Fast and (Not Always) Furious

I don’t “watch” TV. The last series I actually watched was the last season or two of NYPD Blue, back in the early ‘00’s. My life was just too complicated to worry about being home to catch a program, because nine times out of ten, it just wasn’t going to happen. And my life was so much better for it! Free time I never had before.

But, thanks to the availability of On-Demand programming, whether streaming Hulu or Amazon or Netflix or Hoopla, I do get to see some shows – on my time, when I’m able, and it’s no crime if today’s not one of those days. If it’s a television show, we’ll watch one episode during dinner – everyone around the table, talking and watching. That’s how I got through six seasons of Sons of Anarchy, two fabulous seasons of Penny Dreadful, a full 12-season recap of NYPD Blue, and now my husband has me watching Blue Bloods, a mild police drama starring Tom Selleck, though I still think of him as Magnum, P.I., and the original Sweeney Todd himself, Len Cariou, whom I adore in anything.

Blue Bloods is okay. It’s got good actors, it’s entertaining, but it’s not deep. Each episode is self-contained, bright and polished like an old Quinn-Martin production, and none of the gritty realism and continued drama of NYPD Blue. It’s very clean and family oriented, but the writing is not always the greatest, with occasional weak scripts and clichéd lines. Because each episode wraps up on its own, nothing can get too much meat to it.

The last episode I watched had to do with insurance fraud over a valuable car – the car allegedly from the Steve McQueen movie Bullitt, which they touted as one of the greatest car chase scenes ever.

So of course we had to watch it.

My dad’s favorite sport was cars – race cars – not the NASCAR stock stuff, but the elegant turns of the Monaco Gran Prix, the high-speed chase of Formula One, or the Holy Car Holiday in our house, The Indy 500. I thought Jackie Stewart was the greatest announcer in history. And I learned to drive stick on my parents’ automatics just by the engine sounds my dad would make when he pretended he was driving a race car – when I finally did learn stick, it was effortless because I could tell when to shift by the sound of the engine.  So I don’t mind a bit if I have to watch a car-chase movie. And I guess I’ve watched a lot of them.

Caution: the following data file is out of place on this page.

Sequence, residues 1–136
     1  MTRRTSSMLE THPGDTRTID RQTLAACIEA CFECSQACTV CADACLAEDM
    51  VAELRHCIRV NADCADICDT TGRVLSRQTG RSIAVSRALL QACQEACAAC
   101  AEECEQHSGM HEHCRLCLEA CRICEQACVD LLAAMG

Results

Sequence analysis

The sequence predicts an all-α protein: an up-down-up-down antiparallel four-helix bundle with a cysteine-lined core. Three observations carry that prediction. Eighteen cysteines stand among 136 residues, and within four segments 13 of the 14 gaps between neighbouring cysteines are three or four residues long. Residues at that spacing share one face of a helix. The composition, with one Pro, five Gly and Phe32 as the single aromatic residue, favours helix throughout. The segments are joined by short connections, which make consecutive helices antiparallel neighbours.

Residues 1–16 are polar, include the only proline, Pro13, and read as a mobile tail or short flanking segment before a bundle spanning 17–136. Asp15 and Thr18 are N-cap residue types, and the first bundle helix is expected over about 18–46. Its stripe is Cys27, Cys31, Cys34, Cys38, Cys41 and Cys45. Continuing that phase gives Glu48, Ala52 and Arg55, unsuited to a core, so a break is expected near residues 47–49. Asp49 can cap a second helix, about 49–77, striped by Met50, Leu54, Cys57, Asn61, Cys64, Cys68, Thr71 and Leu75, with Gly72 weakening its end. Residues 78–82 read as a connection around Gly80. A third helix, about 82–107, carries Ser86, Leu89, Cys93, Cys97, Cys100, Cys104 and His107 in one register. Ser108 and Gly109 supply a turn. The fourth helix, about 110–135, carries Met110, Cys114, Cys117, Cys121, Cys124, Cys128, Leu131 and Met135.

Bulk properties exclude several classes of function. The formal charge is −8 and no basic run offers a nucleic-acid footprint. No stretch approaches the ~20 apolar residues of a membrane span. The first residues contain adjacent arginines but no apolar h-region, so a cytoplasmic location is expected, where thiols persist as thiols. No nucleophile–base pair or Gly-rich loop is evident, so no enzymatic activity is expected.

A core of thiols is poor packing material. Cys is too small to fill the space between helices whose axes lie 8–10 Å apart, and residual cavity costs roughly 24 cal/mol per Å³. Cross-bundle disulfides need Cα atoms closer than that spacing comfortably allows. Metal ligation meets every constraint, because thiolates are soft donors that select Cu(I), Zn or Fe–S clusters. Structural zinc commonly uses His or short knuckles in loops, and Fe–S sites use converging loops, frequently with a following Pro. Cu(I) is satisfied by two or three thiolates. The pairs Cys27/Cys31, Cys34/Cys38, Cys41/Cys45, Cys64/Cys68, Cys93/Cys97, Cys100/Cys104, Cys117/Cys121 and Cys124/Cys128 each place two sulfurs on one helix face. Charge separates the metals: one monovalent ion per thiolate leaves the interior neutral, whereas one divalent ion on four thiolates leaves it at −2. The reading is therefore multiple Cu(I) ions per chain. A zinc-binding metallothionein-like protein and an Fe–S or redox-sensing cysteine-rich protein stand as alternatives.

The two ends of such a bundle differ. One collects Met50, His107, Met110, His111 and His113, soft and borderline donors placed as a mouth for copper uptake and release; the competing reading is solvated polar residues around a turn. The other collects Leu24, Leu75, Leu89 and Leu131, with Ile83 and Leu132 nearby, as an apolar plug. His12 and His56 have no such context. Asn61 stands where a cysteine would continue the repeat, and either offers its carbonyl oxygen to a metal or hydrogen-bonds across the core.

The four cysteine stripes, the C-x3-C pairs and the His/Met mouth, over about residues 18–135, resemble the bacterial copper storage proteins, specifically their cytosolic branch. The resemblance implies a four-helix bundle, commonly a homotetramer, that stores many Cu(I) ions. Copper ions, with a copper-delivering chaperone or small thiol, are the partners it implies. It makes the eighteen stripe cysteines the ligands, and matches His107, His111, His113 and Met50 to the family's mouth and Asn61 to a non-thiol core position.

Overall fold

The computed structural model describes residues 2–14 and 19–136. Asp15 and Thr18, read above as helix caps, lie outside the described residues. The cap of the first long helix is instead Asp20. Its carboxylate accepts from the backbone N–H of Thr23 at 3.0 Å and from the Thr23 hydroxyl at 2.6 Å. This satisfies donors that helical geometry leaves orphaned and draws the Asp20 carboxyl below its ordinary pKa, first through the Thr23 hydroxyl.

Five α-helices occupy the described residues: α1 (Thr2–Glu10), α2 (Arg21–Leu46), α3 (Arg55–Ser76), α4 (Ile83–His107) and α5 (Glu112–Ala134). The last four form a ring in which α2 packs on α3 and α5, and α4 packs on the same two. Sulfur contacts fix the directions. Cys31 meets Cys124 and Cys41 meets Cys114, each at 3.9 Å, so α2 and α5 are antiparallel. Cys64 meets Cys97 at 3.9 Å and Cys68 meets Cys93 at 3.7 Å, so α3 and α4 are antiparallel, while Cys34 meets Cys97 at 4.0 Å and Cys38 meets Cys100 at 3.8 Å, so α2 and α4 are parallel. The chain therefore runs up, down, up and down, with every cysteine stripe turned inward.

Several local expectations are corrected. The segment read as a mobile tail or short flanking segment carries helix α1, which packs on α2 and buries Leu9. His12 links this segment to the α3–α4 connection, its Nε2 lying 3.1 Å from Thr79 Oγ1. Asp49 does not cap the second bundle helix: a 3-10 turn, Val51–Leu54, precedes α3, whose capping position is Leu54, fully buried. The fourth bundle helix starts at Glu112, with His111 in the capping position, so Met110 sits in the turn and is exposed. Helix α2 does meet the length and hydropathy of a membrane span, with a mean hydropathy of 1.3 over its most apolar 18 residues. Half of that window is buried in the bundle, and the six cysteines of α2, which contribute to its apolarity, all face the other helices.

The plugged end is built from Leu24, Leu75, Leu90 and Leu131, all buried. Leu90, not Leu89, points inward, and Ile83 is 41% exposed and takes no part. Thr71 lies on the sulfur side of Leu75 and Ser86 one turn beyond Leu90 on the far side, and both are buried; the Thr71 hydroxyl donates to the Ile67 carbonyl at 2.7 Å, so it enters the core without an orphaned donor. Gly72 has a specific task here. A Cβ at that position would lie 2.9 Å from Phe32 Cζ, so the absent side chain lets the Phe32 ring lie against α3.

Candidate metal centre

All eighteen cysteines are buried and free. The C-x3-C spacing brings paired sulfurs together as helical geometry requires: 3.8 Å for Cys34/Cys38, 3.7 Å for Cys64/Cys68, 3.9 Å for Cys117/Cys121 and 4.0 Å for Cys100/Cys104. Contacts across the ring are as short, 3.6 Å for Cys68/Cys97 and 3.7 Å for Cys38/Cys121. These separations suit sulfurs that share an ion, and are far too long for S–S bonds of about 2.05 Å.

Bullitt, as a movie, is typical of the late-60’s-early-70’s dark genre: a slow movie where actors must have been paid by the line, because nobody says anything unless they absolutely have to, all the actors are deadpan, and the sound quality is horrible because they really did just take a cheap microphone out onto the street, with little soundtrack, and there’s no great conclusion, they just sort of end with a “Life Stinks” blackout. What was strange was realizing not only there was Zero airport security, but no paramedics yet (1968; paramedics weren’t even an idea until 1971), rotary phones – not even push button, glass IV bottles, and no gloves during surgery. San Francisco lends itself to many great film chases (such as the comedy What’s Up Doc?), and this one does not disappoint, pitting a 1968 Ford Mustang 390 GT against a 1968 Dodge Charger 440 Magnum. That they manage to hold those corners is impressive.

Fandango listed their account of the ten best car-chase movies (a bad thing to think about as summer approaches and pavement is dry and the weather begs you to take a long drive) as:

  1. Bullitt
  2. Max Mad: The Road Warrior (still my favorite movie of all time)
  3. To Live and Die in LA
  4. Deathproof
  5. The Blues Brothers
  6. Ronin (I think this should be number 2 myself – it’s truly awesome)
  7. Smokey and the Bandit (How can you not love this one?)
  8. Gone in 60 Seconds (the 1974 original, though I like the remake better as a film)
  9. The French Connection (more famous than Bullitt, but the same era of filmmaking)
  10. Terminator 2: Judgment Day

For myself, I’d add Batman: The Dark Knight (anyone who can flip a tractor trailer end over end ranks high in my book), and the new Bourne movie, Jason Bourne, which opens with a wicked car chase through Las Vegas that got me from the first go.

Even if you don’t like car movies or car chases, I highly recommend the movie Ronin, as well as French Connection, Jason Bourne, and even Bullitt, movies where the storyline takes precedence and the chase is inconsequential and there’s no harsh screeching music track – like the Fast and Furious films, the thinking person’s car chase films; a little something for everyone.

 

Oprah’s Books of Summer 2014

readingO, The Oprah Magazine has announced their picks for summer reading.  Here’s a sampling of some of the titles.  Grab a chair and a cool drink and enjoy some summer reading!